3. Train. Train. Train.
Before the event, make sure that your SMEs are trained on how to use Twitter in general and how to use Twitter for tweet chats. The Collaboration Solutions Marketing team uses TweetChat.com to manage their sessions but TweetDeck is another good tool to accomplish the same thing. The team’s training, however, doesn’t stop at the technical level. The team pays special attention to Cisco’s social media guidelines, and they encourage panelists to familiarize themselves with this resource. After all, the same rules apply when engaging in social media as they do in traditional marketing: just because it’s social media, it doesn’t mean that anything goes. You need to know what is appropriate to say in a public forum.
4. Create Consistency. Brand Your Chats.
Creating consistency across your tweet chats helps increase recognition and recall. The Collaboration Solutions Marketing team’s monthly invitation process, program management, and follow-up communications attest to that. Each month they create an invitation with the event details, or framing post as they call it, which is hosted on their Collaboration Community. The format and instructions are always the same, only the topics, panelists, and dates change. Their chats always take place on Wednesday at the same time so people can remember and plan to attend. In addition, they have adopted #CollabChat as the hash tag which not only helps the target audience recognize and remember the event, but it also helps the team monitor and respond to the conversations.
5. Spread the Word.
Yes, it’s a TweetChat, but you don’t need to feel limited to Twitter as your only promotional platform. One of the successes behind the Collaboration Solutions Marketing team’s CollabChats is that they leverage all of their social media platforms and partner up with other Cisco teams to help cross-promote their chats. They also spread the word through their own personal accounts. And last but not least, they include the details in their newsletters and other traditional communication vehicles for extra exposure.
6. Appear Seamless to Your Audience.
This is one of the biggest challenges for B2B’s. In many situations, you will have more than one subject matter expert on your tweet chat. In the case of the Collaboration Solutions Marketing team, they have many regular SMEs, one rotating special guest, and one social media manager, who is the moderator of the show. So the team needs to carefully orchestrate their engagement tactics in the background to appear seamless to their audience. How do they do it? A few minutes before CollabChat starts, the panelists join a WebEx meeting. When the moderator kicks off the session using the CollabChat Twitter handle, the rest of the team is standing by for the first question. As the questions start appearing on the screen, the panelists decide live on the phone who is going to take which question. Once the decision is made, the chosen person responds to the question using his or her personal Twitter handle. So the panelists work as a team in the background but respond as individuals. See an example here:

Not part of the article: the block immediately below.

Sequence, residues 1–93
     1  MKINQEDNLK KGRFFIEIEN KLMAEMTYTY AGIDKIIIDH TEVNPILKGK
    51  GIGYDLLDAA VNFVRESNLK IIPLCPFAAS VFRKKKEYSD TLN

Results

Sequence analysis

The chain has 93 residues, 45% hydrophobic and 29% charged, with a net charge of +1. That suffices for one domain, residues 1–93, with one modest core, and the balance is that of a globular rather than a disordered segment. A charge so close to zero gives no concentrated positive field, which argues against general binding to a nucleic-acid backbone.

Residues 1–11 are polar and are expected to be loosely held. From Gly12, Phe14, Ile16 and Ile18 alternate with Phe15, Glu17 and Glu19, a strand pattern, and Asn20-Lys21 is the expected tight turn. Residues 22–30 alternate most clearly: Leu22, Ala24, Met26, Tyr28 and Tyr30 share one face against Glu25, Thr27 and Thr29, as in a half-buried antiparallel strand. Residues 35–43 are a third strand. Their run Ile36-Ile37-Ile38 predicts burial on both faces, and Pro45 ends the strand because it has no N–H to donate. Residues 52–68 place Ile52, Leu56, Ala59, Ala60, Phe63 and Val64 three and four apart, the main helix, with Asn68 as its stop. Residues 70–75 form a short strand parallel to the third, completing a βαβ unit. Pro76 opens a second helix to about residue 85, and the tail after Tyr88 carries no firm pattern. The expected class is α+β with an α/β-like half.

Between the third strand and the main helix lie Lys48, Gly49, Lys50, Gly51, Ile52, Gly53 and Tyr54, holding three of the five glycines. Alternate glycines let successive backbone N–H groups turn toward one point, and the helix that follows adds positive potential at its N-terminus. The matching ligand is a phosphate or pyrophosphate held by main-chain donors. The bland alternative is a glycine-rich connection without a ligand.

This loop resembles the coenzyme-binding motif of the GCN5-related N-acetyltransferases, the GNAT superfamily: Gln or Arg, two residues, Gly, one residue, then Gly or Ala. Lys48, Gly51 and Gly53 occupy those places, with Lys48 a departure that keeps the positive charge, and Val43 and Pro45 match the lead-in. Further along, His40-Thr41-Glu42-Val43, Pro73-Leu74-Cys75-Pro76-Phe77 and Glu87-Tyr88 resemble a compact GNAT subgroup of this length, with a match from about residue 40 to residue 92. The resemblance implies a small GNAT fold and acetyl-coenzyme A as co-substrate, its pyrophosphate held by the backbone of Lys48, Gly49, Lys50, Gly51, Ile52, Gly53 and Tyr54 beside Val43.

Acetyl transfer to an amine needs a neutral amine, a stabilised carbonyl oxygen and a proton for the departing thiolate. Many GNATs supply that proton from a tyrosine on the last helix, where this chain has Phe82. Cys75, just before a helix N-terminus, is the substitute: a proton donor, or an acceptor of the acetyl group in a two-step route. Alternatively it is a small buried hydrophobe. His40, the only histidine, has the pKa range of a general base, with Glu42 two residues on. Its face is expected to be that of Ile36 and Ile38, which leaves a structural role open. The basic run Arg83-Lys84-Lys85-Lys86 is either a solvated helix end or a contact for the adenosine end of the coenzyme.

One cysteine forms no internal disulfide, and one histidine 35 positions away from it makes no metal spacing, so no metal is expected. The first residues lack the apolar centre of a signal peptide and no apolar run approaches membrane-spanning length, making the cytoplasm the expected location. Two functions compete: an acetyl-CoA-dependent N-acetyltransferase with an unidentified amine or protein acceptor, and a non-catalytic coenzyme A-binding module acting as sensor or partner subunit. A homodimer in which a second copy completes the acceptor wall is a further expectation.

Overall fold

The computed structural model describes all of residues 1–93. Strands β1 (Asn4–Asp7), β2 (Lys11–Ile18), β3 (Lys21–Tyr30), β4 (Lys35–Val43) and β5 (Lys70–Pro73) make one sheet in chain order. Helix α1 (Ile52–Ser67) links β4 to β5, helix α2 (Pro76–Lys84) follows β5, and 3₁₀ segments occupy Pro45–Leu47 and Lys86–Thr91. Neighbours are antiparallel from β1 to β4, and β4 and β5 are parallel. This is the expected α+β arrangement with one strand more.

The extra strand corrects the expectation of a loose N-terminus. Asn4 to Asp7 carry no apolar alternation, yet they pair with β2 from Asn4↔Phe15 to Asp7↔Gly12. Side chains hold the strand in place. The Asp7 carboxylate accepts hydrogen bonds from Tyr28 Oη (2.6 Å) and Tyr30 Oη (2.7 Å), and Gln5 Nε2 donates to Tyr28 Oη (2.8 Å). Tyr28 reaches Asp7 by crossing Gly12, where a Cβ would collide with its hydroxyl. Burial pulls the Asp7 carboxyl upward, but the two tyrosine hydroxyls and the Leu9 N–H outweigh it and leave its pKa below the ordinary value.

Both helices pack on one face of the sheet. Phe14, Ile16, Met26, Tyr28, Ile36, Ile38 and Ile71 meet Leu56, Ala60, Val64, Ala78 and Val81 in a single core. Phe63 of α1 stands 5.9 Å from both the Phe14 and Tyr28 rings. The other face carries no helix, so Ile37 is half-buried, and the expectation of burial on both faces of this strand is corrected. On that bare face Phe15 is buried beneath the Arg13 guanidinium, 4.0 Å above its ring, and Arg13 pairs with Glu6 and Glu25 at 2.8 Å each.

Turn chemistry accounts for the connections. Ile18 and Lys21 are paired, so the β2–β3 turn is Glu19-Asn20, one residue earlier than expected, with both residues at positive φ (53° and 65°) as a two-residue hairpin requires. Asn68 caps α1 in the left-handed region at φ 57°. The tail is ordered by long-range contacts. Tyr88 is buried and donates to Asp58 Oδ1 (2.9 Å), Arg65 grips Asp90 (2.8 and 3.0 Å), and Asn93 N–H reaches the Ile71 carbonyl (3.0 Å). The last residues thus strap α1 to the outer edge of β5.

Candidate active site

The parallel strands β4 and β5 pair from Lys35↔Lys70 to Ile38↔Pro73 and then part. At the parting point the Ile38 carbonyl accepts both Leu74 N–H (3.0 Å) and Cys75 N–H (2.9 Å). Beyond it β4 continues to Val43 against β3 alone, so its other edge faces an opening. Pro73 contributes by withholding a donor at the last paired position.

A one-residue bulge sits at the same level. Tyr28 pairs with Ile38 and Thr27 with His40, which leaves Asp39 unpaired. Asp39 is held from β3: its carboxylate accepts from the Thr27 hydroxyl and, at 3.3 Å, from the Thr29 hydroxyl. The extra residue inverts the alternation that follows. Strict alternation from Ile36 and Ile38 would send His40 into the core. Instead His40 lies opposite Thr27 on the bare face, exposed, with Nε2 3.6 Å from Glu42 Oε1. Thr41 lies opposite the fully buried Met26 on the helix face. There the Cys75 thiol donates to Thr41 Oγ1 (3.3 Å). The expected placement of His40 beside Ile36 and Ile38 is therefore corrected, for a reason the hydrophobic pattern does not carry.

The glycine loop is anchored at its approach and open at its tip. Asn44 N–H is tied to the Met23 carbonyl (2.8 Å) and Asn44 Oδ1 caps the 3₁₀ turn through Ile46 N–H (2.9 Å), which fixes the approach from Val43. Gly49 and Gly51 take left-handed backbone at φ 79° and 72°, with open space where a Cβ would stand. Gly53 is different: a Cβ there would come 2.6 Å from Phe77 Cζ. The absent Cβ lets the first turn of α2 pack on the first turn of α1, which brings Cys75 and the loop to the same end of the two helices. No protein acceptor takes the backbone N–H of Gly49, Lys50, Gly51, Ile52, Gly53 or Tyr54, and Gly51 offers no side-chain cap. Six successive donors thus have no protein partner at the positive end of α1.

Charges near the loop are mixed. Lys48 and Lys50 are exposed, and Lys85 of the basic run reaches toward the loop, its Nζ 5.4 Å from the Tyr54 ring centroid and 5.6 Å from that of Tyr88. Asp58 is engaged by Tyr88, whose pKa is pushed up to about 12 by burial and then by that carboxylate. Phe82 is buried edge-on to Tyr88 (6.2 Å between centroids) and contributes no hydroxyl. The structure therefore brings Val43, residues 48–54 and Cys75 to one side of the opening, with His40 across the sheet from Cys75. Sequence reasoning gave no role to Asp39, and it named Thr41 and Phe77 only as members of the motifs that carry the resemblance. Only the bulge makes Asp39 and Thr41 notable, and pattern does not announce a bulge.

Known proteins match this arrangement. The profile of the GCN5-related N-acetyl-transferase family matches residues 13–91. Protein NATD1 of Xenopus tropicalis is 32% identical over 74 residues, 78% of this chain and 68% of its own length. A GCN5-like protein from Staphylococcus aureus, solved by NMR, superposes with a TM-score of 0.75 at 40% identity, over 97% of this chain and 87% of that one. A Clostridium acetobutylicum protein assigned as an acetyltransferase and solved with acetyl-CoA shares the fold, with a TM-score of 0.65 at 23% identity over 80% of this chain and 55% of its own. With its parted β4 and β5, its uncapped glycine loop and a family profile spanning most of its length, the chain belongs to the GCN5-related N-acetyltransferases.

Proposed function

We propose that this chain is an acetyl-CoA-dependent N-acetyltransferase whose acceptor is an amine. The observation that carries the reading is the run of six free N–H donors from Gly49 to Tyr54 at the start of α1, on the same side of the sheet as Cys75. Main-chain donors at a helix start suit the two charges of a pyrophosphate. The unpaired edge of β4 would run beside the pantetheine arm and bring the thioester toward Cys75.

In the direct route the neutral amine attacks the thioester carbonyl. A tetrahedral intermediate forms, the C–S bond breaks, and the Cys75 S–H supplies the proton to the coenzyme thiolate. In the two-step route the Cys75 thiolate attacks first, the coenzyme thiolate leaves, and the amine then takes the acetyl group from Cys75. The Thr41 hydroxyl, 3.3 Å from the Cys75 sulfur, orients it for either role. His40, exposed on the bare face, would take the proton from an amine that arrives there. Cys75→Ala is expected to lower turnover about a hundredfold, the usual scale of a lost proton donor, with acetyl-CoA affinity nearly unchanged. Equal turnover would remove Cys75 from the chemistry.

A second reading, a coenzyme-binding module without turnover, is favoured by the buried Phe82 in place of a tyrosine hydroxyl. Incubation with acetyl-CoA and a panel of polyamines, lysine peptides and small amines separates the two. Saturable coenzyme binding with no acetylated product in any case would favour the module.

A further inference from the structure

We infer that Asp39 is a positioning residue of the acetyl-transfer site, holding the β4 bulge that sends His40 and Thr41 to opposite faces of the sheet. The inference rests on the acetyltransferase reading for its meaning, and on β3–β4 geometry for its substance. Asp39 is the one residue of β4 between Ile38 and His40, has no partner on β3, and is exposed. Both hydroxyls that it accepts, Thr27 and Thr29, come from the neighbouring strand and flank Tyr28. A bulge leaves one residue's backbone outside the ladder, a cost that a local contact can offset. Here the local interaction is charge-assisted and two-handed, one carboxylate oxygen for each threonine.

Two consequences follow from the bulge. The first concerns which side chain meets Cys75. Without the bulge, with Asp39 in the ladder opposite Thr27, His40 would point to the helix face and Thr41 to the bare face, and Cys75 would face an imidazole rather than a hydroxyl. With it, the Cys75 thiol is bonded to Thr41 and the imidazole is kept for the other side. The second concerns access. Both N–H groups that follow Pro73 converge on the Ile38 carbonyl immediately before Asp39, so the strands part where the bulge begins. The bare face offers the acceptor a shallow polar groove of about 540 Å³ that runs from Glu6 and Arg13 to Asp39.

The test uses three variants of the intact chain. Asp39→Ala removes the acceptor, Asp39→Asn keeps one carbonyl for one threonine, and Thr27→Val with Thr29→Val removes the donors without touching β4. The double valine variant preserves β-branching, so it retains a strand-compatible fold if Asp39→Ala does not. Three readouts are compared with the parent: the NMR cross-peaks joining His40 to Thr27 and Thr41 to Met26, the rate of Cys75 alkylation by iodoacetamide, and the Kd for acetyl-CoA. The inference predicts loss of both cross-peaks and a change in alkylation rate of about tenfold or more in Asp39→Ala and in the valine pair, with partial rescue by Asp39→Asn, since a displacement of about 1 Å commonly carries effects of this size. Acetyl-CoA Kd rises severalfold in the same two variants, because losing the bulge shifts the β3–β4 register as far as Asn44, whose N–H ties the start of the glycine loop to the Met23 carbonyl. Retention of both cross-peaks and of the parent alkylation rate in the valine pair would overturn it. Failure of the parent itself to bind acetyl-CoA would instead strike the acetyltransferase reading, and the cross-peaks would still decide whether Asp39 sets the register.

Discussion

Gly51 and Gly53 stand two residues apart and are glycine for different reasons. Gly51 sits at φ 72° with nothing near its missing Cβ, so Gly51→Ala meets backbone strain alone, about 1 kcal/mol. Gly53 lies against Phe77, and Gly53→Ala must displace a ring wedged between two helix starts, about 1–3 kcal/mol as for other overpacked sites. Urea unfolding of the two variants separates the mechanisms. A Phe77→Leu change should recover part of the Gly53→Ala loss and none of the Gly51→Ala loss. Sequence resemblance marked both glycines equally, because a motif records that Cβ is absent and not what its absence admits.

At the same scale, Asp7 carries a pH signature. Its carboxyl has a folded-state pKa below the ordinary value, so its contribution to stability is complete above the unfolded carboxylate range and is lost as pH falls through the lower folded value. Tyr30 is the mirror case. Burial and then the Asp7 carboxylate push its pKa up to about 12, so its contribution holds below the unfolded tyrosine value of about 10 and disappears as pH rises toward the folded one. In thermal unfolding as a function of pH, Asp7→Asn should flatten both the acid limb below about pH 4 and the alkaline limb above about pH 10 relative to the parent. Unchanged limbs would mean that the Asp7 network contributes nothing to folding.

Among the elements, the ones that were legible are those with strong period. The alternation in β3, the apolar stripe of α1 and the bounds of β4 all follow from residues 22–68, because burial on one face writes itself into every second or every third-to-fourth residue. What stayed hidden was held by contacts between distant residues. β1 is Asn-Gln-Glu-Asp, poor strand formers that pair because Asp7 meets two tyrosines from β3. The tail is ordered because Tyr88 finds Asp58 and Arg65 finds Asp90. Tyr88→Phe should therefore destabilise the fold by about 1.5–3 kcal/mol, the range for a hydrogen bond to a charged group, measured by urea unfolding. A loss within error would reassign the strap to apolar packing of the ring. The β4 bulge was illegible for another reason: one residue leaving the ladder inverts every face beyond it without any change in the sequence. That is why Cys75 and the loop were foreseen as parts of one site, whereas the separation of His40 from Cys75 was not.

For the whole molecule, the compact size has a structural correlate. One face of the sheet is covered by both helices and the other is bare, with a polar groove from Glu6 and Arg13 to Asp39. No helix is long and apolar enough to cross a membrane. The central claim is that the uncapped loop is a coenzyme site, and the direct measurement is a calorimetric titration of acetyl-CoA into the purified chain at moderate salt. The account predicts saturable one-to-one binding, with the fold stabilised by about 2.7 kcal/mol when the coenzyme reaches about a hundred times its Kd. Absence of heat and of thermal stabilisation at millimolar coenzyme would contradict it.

7. Humanize the Experience.
The point about allowing people to respond to the questions using their own Twitter handles is very important. “People want to talk to other people. By bringing a human element into the conversation, we’re making Cisco more human, more relatable,” says Kira Swain. Alternating between the @CiscoCollab Twitter handle (which is used for moderation) and the individual responses gives a nice balance to this program.
8. Continue the engagement.
The chat is over, but the engagement is not. The Collaboration Solutions Marketing team does a last run through the conversations to make sure no question went unanswered. After that, they post the transcript to the Cisco Collaboration Community to share it with their audience, and are off to prepare for the next chat.
We hope to see you on the next one!